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Studio Glass Blower Jobs

Have you ever wondered how that paperweight on your desk was formed? How about the vase that's holding the roses you got your girlfriend? Or the window you've been daydreaming through all day? Well if you ever want to find out, you should ask a glass blower. Glass blowers design and create glass art.

Glass blowing has been around since about 50 B.C. and has emerged into a super appealing form of art in our modern world. Originally glass blowers made blown bottles and tubes. Throughout the Roman Empire and the middle ages glass blowers created bottle, bowls, tableware, glass windows, and vases.

Since the 1960's glass blowers are more into the studio glass movement - creating blown glass art.

Blowing glass takes lots of work. Officially glass blowing requires no formal education. Instead it takes lots of practice. Many glass blowers obtain degrees in arts or design, but others attend workshops or schools like the Pilchuck Glass School where they only focus on learning to make glass. Other glass blowers build their resumes and learn the skills of glass blowing by interning or apprenticeships with talented glass blowers who want to pass on their skills and talent with the art of glass. Besides the actual skills of creating glass, glass blowers usually have a grasp of design, theory, art history, and color theory.

Creating glass takes many steps. First a piece must be designed. It may start as an idea that pops into your head while eating pancakes, but it needs to be on paper before you begin to create it. Next glass is actually created. In very basic detail, sand is heated, melted into liquid, which takes temperatures over 2000 degrees Fahrenheit, blown through a tube, and shaped with rods, tubes, and molds. The result is glass that has brilliant colors that twist and bend light in a head tilting way. Some pieces draw you in with sparkling firework like design, others with infinite spirals. The stuff is impressive.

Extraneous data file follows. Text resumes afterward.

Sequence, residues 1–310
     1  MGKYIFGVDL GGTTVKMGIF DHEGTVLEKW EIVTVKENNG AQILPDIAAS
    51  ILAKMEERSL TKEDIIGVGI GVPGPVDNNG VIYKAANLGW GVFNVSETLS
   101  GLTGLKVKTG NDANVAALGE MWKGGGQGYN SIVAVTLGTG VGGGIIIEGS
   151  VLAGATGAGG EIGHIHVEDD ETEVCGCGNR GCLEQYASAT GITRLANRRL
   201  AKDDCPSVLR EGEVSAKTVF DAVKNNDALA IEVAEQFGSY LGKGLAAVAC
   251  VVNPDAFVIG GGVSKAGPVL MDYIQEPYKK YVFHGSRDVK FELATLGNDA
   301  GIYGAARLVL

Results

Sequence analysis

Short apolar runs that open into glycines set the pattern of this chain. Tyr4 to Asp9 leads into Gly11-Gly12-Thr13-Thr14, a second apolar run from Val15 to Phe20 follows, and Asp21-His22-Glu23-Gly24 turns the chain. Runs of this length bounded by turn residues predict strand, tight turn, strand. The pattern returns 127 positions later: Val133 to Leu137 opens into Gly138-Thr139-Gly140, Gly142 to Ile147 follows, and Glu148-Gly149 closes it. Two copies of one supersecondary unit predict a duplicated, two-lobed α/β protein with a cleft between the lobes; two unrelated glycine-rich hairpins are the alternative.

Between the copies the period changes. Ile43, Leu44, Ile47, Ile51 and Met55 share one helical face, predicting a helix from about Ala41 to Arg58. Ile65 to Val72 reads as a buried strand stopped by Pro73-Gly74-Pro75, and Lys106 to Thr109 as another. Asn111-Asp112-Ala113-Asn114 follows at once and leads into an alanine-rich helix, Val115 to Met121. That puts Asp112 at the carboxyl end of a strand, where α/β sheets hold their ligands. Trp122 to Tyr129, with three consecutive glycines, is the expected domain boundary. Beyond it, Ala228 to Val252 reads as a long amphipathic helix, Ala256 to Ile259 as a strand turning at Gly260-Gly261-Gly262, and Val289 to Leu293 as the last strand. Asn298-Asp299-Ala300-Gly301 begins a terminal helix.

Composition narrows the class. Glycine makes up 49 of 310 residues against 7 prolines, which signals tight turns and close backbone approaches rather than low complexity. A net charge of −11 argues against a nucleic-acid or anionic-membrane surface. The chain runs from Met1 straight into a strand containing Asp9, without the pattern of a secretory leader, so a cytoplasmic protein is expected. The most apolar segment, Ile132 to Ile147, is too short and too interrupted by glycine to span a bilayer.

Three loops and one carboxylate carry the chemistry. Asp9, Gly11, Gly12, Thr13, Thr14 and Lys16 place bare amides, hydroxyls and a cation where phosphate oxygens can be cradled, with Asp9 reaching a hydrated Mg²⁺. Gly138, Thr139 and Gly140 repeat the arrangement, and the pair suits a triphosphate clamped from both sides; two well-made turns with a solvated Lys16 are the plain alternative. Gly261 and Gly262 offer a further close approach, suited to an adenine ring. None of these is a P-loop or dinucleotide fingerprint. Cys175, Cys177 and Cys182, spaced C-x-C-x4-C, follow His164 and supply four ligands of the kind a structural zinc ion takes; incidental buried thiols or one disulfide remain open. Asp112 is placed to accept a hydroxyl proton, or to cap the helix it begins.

If you've never seen glass art, go check it out at a local museum or gallery. It is both eye-catching and functional. It may be the centerpiece of the dining room table, dazzling paperweight, or a spectacular serving bowl. Whatever its purpose, glass art is inspiring. Most glass blowers work at art galleries. Glass blowers use state of the art equipment, burning hot furnaces, and great hand-eye coordination to create stunning pieces that they then add to their glass portfolios.

Glass blowers usually sell their art in galleries, craft shows, festivals, online, jewelry shops, or other places. Often glass blowers receive a commission on each piece of glass sold and generate a starting annual salary of about $25,000. With experience and a solid, impressive portfolio they have the potential to make around $55,000 per year. Usually they work for themselves, craft studios, or galleries. Other glass blowers work as scientific glass blowers and can work for glassware companies, universities, pharmaceutical or chemical companies, or even hospitals.

Scientific glass blowing is still fun, but the creations aren't as exciting.

Glass blowing is a great creative outlet. It's a beautiful skill to have, but one that takes a long time to master. Luckily if you chose glass blowing as a career you'll have lots of breathtakingly cool glass around your home. Plus you can always rely on the fact that glass blowing is a stable job. It's a career that has been around for thousands of years.

Quick Facts About Glass Blowing Work

Job Title: Studio Glass Blower
Office: Glass studio
Description: Design and create glass pieces like paperweights, vases, plates, bowls
Certifications/Education: No formal education required. Degree in arts or design is helpful.
Necessary Skills: Creative, eye-hand coordination
Potential Employers: Self employed, craft studios, or galleries.
Pay: $23,000 to $37,000 per year

Helpful Links:
Art Glass Association
Glass Art Society
Pilchuck Glass School
Occupational Profile
Craft and Design Magazine
Glass Jobs Online
Glass Global Glass Community
Glassblower.info

 

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